Alloa private soldier sues his employers for £1.7m over a slipped disk

Spine Joseph Davidson said he injured his back carrying a heavy colleague

An Alloa soldier of fortune who slipped a disk giving a "barrel-chested" colleague a fireman's lift while working in Iraq is suing his employers.

Former soldier and private bodyguard Joseph Davidson, 41, is seeking £1.7m in damages from AEGIS Defence Services.

The High Court in London was told Mr Davidson had to train in full kit while carrying a colleague and equipment weighing 350lbs.

His lawyers said the exercise was "obviously negligent".

Mr Davidson, from Tullibody, Alloa, was working for AEGIS Defence Services (BVI) Ltd and AEGIS Defence Services Ltd as a bodyguard for US Army engineers in Basra when he was injured in November 2007.

Occupational hazard

The former soldier, who served for 12 years in the British Army, told Judge Nigel Wilkinson QC that he had expected to encounter hazards when he signed up to serve in Iraq - but from "terrorists or militants" in the field, not on the training ground.

Farah Mauladad, for the two companies, put to Mr Davidson that hazards such as suffering a back injury were part and parcel of the dangerous job he was contracted to carry out.

Mr Davidson said he was "pressed to enrol" on the medical course during which he suffered his injury and added that the course seemed rushed.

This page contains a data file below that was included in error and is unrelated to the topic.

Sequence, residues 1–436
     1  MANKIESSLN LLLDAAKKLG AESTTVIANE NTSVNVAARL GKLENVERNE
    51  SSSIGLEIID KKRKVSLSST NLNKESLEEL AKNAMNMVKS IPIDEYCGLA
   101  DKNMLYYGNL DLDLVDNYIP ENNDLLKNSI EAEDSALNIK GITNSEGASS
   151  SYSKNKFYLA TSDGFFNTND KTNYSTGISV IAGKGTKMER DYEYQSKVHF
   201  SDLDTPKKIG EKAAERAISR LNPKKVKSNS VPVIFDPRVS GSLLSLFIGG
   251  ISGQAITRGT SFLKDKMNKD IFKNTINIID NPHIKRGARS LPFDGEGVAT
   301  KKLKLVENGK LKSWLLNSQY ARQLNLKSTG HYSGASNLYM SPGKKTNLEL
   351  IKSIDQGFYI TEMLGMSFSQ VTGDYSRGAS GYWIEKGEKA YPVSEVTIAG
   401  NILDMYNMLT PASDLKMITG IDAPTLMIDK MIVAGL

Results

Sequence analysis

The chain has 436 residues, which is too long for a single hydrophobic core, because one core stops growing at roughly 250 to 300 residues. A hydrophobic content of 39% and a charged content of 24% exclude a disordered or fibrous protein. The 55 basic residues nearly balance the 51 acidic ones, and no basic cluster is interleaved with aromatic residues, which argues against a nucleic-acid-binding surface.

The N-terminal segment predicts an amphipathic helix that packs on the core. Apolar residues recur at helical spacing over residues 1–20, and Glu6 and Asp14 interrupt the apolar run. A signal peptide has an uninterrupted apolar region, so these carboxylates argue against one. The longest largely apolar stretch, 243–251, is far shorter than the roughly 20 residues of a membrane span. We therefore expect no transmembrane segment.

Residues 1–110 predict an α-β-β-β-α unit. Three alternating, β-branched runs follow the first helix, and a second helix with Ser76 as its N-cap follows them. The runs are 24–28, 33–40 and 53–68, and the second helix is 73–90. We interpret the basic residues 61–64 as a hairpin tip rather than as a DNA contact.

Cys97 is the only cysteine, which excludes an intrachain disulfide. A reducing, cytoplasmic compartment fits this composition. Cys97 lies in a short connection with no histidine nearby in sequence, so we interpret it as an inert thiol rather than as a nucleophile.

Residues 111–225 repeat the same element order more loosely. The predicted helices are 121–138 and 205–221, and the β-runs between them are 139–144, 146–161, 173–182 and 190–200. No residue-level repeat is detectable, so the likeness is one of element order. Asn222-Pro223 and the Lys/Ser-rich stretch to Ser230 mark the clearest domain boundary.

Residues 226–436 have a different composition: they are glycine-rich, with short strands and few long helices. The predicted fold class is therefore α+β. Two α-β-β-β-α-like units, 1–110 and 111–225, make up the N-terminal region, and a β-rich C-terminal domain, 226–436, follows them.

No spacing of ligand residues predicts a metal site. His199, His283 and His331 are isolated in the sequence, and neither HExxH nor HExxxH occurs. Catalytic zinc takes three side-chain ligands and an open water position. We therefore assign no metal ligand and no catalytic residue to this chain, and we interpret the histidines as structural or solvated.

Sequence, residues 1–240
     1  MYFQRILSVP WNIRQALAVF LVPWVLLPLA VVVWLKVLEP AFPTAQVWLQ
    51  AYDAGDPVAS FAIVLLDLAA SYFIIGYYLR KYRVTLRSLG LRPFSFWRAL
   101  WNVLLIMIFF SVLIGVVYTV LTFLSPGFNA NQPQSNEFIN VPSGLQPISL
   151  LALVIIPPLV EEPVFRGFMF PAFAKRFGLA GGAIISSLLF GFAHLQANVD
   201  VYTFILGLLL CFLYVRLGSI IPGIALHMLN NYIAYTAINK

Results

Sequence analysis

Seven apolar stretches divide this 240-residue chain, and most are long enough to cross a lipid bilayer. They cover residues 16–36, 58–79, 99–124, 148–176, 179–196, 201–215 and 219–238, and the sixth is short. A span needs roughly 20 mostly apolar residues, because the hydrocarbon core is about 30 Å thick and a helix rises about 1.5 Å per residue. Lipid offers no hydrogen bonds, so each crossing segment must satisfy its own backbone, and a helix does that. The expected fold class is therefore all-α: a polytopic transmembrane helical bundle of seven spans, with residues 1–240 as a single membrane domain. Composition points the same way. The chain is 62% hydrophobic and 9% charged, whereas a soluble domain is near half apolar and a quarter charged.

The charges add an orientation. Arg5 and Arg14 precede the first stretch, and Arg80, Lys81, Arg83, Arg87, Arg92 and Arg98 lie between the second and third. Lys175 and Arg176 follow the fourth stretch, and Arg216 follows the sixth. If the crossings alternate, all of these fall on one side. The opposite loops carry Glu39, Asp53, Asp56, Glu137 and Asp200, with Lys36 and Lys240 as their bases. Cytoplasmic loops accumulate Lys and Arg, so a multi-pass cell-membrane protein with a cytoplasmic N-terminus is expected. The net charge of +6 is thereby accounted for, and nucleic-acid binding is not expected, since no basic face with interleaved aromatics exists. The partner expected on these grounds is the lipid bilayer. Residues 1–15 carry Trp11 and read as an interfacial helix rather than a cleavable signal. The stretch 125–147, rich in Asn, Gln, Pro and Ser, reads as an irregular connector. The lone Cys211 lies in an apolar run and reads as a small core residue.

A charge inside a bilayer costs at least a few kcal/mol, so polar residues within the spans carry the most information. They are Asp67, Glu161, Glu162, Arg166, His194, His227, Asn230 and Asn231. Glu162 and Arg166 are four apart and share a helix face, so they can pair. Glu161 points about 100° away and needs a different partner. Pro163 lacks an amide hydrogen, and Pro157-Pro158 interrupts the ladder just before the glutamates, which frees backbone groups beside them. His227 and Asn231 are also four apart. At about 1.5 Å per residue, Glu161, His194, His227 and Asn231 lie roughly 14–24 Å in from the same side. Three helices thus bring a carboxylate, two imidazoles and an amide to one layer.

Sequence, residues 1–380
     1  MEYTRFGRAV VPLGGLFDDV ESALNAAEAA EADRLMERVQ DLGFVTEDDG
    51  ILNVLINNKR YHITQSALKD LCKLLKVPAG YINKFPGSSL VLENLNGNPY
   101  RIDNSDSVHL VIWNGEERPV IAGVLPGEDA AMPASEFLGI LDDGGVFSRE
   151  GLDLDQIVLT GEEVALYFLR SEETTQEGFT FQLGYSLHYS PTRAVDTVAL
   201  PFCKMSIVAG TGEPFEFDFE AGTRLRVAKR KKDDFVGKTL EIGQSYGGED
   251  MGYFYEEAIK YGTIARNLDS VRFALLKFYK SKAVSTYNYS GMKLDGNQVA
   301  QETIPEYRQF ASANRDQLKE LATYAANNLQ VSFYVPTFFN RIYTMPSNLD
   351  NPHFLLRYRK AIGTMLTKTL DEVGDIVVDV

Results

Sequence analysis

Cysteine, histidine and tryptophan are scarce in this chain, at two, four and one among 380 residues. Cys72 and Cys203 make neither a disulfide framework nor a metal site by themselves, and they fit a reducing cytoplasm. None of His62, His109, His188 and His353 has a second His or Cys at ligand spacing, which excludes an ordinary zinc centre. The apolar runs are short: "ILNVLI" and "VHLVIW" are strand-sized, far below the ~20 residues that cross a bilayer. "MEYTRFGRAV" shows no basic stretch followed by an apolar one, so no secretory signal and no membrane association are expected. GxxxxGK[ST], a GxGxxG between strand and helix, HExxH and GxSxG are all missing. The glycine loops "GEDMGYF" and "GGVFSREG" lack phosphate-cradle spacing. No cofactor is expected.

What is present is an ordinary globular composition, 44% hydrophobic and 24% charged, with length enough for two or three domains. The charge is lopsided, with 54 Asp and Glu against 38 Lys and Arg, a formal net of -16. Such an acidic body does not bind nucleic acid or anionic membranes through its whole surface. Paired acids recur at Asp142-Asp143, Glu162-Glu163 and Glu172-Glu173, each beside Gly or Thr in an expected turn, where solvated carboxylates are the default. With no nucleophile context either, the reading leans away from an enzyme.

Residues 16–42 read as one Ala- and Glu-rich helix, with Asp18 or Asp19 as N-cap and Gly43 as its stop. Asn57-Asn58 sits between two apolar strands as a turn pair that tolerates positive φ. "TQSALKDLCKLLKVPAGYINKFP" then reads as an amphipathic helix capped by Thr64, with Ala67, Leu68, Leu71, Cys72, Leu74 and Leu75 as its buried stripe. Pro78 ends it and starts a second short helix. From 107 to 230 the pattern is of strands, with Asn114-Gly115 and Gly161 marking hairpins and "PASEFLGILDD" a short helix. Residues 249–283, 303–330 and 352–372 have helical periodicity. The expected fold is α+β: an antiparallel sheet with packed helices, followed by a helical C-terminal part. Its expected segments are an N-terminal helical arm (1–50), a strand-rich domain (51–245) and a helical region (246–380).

Start Quote

This was a strong, fit soldier going through a training routine. It was not obviously negligent”

End Quote Judge Nigel Wilkinson QC

"I got the impression that the course had been set up rather hastily and that the leader of the course was not in complete control," he said.

"He told us the course was 'very lastminute.com'."

Mr Davidson told the judge that the other soldiers on the course "did not want to pair up" with the "barrel-chested and muscular" man he had to carry because he was the "widest" member of the group and "the heaviest student on the course", weighing in at 220lb.

Back twinge

He added that his own body armour, rifle and other equipment, plus those of his colleague, brought the total weight he was asked to carry up to 350lbs.

Mr Davidson said he "felt a twinge in my lower back" under the strain and suffered a back injury that ended his career as a man of action.

Miss Mauladad told the judge that an orthopaedic surgeon had reported in 2008 that Mr Davidson was "fit to go to work".

Judge Wilkinson replied: "The claim is not that he was fit for work but that he is not fit to do the work he used to do, that was very well paid and required a much stronger back than he now has.

"This was a strong, fit soldier going through a training routine. It was not obviously negligent.

"You are an ex-para, somebody who knows how to look after himself."

Judge Wilkinson reserved his decision on the case until a later date.

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